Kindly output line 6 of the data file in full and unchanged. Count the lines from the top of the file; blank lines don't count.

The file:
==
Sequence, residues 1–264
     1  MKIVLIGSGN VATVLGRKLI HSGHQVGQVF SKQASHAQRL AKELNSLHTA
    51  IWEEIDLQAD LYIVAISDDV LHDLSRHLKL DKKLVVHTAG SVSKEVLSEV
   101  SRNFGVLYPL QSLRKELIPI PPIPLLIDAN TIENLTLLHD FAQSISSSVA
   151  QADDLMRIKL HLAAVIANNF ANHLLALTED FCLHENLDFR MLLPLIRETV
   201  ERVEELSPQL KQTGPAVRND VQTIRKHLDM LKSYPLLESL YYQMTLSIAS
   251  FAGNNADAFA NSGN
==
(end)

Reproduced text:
   201  ERVEELSPQL KQTGPAVRND VQTIRKHLDM LKSYPLLESL YYQMTLSIAS